Chapel of Sant'Antonio Abate The chapel of Sant'Antonio Abate and Santo Stefano is mentioned since 1333 as a private chapel (a source I have found asserts that it used to belong to the Lanni family): in particular, it is the oldest religious building surviving in Rotondi. However, its current configuration dates back to the 18th century. The current stone portal was indeed set up in that age; and the interior was enriched with a picture of Saint Anthony of Egypt. Remains of the Marquises' Palace Vico Palazzo, on the bottom left of Piazza Vittorio Emanuele, is an alley leading to a residential space, which originally was the court of the marquises' palace. It has been impossible for me to find historical information about it (in particular about its ages of construction and demolition). It was made up of 9 rooms downstairs and 11 upstairs, now divided into a series of terraced houses or entirely destroyed (the walls on the left are the remains of an entire wing). The most authentic part must be the arcades and the staircases by the corner on the right. Several sources mention remains of a tower: I do not know whether they refer to the squared one in the middle (close to the corner with the left wing), or the hexagonal structure in tuff stones appearing on the left of this picture.
I personally find it likely that this area was the one mentioned during the 16th century as the Castrum Rotundorum, namely a fortified core.

Clock Tower

Torre dell'Orologio

The clock tower located at the bottom of Piazza Vittorio Emanuele was originally the bell tower of the church of San Sebastiano; it is nowadays sort of a symbol of Rotondi. It was built in stone in the 17th century; the clock, instead, dates back to 1911. In 1920 a marble stone was attached to it, listing the names of people from Rotondi dead during the first world war.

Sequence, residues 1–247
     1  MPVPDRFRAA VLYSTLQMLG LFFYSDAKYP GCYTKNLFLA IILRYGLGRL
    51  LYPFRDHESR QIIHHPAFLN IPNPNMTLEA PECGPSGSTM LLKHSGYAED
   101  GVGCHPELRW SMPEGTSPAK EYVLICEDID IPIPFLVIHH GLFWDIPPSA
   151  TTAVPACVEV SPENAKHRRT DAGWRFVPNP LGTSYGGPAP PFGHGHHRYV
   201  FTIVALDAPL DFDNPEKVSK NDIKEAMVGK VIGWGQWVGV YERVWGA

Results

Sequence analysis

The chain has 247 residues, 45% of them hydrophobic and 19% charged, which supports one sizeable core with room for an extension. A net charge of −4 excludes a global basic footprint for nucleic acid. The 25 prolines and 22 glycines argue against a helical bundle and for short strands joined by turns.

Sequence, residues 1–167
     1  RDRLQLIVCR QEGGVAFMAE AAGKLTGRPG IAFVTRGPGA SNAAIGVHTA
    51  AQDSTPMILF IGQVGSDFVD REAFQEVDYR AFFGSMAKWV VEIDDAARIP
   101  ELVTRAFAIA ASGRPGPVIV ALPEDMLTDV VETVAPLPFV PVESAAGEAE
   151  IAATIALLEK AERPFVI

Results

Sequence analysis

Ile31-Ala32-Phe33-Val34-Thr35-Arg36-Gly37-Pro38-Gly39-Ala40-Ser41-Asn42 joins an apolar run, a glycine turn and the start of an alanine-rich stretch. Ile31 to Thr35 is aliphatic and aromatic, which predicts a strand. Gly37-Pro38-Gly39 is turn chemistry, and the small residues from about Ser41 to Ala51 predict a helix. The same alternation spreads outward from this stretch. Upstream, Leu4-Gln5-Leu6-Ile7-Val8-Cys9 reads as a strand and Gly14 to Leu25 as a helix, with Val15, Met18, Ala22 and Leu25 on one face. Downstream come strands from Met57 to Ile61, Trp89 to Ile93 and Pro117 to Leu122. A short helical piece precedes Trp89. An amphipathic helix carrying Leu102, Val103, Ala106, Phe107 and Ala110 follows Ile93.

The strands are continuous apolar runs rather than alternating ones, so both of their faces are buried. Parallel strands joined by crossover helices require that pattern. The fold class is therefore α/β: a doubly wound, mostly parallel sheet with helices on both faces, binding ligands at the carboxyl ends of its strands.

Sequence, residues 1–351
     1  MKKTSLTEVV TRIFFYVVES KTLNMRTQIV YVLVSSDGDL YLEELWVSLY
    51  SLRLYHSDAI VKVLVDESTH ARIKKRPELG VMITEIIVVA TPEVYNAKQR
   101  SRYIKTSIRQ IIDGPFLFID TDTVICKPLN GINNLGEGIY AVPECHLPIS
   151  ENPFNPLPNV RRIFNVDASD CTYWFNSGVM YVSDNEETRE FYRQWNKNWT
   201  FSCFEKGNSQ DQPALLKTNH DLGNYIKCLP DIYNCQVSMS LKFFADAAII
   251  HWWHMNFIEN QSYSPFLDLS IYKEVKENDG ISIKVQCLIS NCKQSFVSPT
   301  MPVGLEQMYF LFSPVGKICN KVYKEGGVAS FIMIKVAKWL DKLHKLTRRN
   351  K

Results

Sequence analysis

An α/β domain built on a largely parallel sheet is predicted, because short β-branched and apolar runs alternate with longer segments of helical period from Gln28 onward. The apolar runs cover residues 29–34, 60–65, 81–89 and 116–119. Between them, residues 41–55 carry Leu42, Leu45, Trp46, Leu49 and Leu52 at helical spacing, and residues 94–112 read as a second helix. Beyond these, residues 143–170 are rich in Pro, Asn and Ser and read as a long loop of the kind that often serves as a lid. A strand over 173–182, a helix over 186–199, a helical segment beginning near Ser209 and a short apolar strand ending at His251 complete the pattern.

In an age that is unknown to me, the church has been torn down and replaced with a modern building hosting a bank. The original plan included removal of the tower as well, but the population took a firm position against that. Old photo of the church [Facebook]
The clock tower at the bottom of the square The building on the left is Palazzo Maiello (1878). Behind the clock tower is the building replacing the old church. The top of the clock tower The entire tower is nowadays covered in plaster and stuccoes.
Behind the main square there is an area gathering the public facilities of Rotondi: the school, the town hall, the post office, and a nice Public garden (Villa comunale), regularly frequented by the locals. The garden is entirely covered by trees, and features a pond (mostly unused) and a couple of remarkable memorials.
Artwork on the walls of the primary school Landscape of the Villa Comunale
The pond World War II memorial

Air Force memorials

Monumenti dell'Aeronautica Militare

Domenico Cioffi, from Cervinara, is a general of the Aeronautica Militare (Italian Air Force), involved in the highest ranks of its health departments. He promoted the donation to the town of Rotondi of a World War II aircraft and a copy of the statue of the Virgin Mary of Loreto, namely the religious patron of the Air Force. They are both kept by the public gardens.
Every year in December a ceremony is held at this statue, which gathers the members of the Air Force from Valle Caudina. It is some years now that the ceremony is held in conjunction with initiatives promoting blood donations. Festeggiamenti in onore della Madonna di Loreto (Retesei)

Local news announcing the 2013 ceremony

The Virgin Mary of Loreto The statue of the Virgin Mary of Loreto, in compliance with the original one, is black. Its altar includes the wing of a war aircraft on its side. The war aircraft It is kept within the premises on the primary school.
Copyright 2014 Antonio De Capua